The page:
relationships 1a, 1b and 1c between the firm’s environment, its competitive strategy,

manufacturing strategy and performance hold. This “obvious” finding upholds the conceptual literature within operations management and strategy. By thus doing, they not only

empirically test the relationship but also manage to define the broader strategic context of manufacturing strategy in terms of a firm’s competitive strategy. Their findings also dismiss relationships 2 and 3 i.e. direct independent effects of the environment on manufacturing strategy, and that of competitive strategy on performance respectively:

“From the perspective of operations management, the paths between each of the competitive strategies and the manufacturing strategy dimensions are of great interest…competitive strategy of differentiation is linked with each of the manufacturing strategy variables”, (p. 134).

Ward and Duray’s (2000) study reveals the mediating effect of competitive strategy and confirms that environmental dynamism has an important effect on manufacturing strategy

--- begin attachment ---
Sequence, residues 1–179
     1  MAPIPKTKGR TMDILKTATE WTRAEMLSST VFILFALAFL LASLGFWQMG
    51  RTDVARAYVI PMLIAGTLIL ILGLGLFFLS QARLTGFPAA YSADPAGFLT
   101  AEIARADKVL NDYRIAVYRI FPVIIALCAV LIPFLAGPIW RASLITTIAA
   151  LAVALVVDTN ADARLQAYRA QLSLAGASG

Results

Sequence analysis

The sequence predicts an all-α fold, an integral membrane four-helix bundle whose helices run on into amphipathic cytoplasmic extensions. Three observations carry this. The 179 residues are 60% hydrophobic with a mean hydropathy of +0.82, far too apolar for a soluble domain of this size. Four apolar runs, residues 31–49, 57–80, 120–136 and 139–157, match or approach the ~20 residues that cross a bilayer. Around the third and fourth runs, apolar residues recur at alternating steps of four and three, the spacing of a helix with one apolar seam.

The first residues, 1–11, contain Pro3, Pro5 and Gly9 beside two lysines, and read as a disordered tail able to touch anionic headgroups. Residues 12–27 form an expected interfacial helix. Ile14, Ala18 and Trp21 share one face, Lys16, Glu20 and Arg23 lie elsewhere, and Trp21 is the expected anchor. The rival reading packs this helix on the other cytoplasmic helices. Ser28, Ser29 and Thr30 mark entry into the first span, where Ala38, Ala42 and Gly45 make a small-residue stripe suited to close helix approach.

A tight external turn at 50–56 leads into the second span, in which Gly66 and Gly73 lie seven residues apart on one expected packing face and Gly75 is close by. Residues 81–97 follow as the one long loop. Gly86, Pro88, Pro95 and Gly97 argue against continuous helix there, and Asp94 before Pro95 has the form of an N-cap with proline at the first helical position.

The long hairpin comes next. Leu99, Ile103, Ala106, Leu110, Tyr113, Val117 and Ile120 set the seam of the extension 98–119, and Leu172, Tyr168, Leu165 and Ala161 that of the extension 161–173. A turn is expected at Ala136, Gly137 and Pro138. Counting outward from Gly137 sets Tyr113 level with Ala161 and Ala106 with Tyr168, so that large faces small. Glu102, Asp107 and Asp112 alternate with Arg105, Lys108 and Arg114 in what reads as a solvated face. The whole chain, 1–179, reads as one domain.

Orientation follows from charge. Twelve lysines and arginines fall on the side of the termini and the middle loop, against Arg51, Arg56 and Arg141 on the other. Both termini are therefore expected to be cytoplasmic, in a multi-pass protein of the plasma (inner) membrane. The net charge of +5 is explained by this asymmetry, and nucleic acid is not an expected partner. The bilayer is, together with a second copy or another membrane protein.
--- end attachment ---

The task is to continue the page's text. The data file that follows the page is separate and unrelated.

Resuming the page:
“but that influence is articulated through and modified by competitive strategy” (p. 135).

Some important research implications of their study are that any model of manufacturing strategy must simultaneously include competitive strategy variables in order to capture the context of functional (manufacturing) strategies correctly. And following this, a case may be made that any model on (manufacturing or operations) performance or competitiveness must include all in the same i.e. variables of the environment, competitive strategy and